Science.gov (United States)

    Zhang, Shugang; Yang, Yuechao; Gao, Bin; Wan, Yongshan; Li, Yuncong C; Zhao, Chenhao

    2016-07-20

    A novel polymer-coated nitrogen (N) fertilizer was developed using bio-based polyurethane (PU) derived from liquefied locust sawdust as the coating material. The bio-based PU was successfully coated on the surface of the urea fertilizer prills to form polymer-coated urea (PCU) fertilizer for controlled N release. Epoxy resin (EP) was also used to further modify the bio-based PU to synthesize the interpenetrating network (IPN), enhancing the slow-release properties of the PCU. The N release characteristics of the EP-modified PCU (EMPCU) in water were determine at 25 °C and compared to that of PCU and EP-coated urea (ECU). The results showed that the EP modification reduced the N release rate and increased the longevity of the fertilizer coated with bio-based PU. A corn growth study was conducted to further evaluate the filed application of the EMPCU. In comparison to commercial PCU and conventional urea fertilizer, EMPCU was more effective and increased the yield and total dry matter accumulation of the corn. Findings from this work indicated that bio-based PU derived from sawdust can be used as coating materials for PCU, particularly after EP modification. The resulting EMPCU was more environmentally friendly and cost-effective than conventional urea fertilizers coated by EP.

  14. Bio-based biodegradable film to replace the standard polyethylene cover for silage conservation.

    Science.gov (United States)

    Borreani, Giorgio; Tabacco, Ernesto

    2015-01-01

    The research was aimed at studying whether the polyethylene (PE) film currently used to cover maize silage could be replaced with bio-based biodegradable films, and at determining the effects on the fermentative and microbiological quality of the resulting silages in laboratory silo conditions. Biodegradable plastic film made in 2 different formulations, MB1 and MB2, was compared with a conventional 120-μm-thick PE film. A whole maize crop was chopped; ensiled in MB1, MB2, and PE plastic bags, 12.5kg of fresh weight per bag; and opened after 170d of conservation. At silo opening, the microbial and fermentative quality of the silage was analyzed in the uppermost layer (0 to 50mm from the surface) and in the whole mass of the silo. All the silages were well fermented with little differences in fermentative quality between the treatments, although differences in the mold count and aerobic stability were observed in trial 1 for the MB1 silage. These results have shown the possibility of successfully developing a biodegradable cover for silage for up to 6mo after ensiling. The MB2 film allowed a good silage quality to be obtained even in the uppermost part of the silage close to the plastic film up to 170d of conservation, with similar results to those obtained with the PE film. The promising results of this experiment indicate that the development of new degradable materials to cover silage till 6mo after ensiling could be possible.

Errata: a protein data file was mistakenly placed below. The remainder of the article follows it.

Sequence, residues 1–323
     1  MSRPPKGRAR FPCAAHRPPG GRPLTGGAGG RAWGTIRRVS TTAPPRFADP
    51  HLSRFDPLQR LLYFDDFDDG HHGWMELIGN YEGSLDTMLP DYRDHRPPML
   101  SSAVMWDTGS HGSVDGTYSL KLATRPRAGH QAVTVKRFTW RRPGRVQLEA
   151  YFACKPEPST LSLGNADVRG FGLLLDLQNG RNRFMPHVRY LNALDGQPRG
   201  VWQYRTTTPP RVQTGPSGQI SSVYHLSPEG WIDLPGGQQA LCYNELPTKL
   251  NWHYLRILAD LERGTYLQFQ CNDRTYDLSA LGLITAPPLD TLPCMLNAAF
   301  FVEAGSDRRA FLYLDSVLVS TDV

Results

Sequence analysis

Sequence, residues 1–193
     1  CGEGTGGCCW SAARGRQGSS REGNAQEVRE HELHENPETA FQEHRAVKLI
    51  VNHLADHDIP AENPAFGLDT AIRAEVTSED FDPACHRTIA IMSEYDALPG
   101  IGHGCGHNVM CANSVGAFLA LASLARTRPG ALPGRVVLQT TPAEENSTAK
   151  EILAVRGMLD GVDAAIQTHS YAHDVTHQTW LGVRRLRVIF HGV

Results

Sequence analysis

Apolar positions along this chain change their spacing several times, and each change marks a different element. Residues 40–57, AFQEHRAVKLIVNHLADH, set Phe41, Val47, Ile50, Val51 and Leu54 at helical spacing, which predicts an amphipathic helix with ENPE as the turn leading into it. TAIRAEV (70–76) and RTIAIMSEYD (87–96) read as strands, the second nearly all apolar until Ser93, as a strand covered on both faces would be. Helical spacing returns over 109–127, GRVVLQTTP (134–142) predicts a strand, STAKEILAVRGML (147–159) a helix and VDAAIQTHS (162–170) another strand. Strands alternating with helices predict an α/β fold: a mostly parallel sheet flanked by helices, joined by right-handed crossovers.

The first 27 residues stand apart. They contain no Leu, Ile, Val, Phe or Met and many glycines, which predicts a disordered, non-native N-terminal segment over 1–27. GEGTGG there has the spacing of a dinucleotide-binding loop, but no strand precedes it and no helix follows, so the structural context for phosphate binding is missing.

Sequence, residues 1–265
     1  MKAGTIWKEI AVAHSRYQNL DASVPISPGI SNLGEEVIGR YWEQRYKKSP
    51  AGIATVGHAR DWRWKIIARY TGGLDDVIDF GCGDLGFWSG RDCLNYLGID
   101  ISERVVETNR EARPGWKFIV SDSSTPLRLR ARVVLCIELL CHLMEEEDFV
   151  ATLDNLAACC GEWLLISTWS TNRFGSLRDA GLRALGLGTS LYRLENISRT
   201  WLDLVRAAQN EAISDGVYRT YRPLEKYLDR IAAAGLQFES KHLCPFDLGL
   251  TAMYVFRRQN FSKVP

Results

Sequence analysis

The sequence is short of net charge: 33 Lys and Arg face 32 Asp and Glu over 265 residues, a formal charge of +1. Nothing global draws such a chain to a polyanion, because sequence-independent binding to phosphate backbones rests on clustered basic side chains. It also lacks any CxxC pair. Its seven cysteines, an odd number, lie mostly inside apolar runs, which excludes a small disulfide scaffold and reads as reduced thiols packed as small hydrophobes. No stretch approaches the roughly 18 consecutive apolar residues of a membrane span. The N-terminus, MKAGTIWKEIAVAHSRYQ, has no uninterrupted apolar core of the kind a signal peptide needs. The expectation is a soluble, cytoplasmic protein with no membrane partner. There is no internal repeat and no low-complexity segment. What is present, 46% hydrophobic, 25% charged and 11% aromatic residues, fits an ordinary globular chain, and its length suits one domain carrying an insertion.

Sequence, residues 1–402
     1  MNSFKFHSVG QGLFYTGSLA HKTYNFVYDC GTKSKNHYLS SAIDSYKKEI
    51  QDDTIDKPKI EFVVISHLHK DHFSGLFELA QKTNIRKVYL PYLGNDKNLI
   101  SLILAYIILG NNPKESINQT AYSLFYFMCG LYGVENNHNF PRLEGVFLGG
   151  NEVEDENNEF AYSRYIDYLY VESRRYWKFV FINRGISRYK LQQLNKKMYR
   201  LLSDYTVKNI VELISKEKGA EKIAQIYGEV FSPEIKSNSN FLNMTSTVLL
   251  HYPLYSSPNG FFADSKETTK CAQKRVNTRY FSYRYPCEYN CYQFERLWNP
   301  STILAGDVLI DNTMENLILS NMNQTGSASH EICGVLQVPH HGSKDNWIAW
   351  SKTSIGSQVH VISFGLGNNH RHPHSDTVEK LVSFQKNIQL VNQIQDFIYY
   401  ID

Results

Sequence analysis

15. Information processing through a bio-based redox capacitor: signatures for redox-cycling.

    Science.gov (United States)

    Liu, Yi; Kim, Eunkyoung; White, Ian M; Bentley, William E; Payne, Gregory F

    2014-08-01

    Redox-cycling compounds can significantly impact biological systems and can be responsible for activities that range from pathogen virulence and contaminant toxicities, to therapeutic drug mechanisms. Current methods to identify redox-cycling activities rely on the generation of reactive oxygen species (ROS), and employ enzymatic or chemical methods to detect ROS. Here, we couple the speed and sensitivity of electrochemistry with the molecular-electronic properties of a bio-based redox-capacitor to generate signatures of redox-cycling. The redox capacitor film is electrochemically-fabricated at the electrode surface and is composed of a polysaccharide hydrogel with grafted catechol moieties. This capacitor film is redox-active but non-conducting and can engage diffusible compounds in either oxidative or reductive redox-cycling. Using standard electrochemical mediators ferrocene dimethanol (Fc) and Ru(NH3)6Cl3 (Ru(3+)) as model redox-cyclers, we observed signal amplifications and rectifications that serve as signatures of redox-cycling. Three bio-relevant compounds were then probed for these signatures: (i) ascorbate, a redox-active compound that does not redox-cycle; (ii) pyocyanin, a virulence factor well-known for its reductive redox-cycling; and (iii) acetaminophen, an analgesic that oxidatively redox-cycles but also undergoes conjugation reactions. These studies demonstrate that the redox-capacitor can enlist the capabilities of electrochemistry to generate rapid and sensitive signatures of biologically-relevant chemical activities (i.e., redox-cycling).

  16. Physical and mechanical properties of biobased materials - Starch polylactate and polyhydroxybutyrate

    DEFF Research Database (Denmark)

    Bergenholtz, Karina P.; Nielsen, Per Væggemose; Olsen, M.B.

    2001-01-01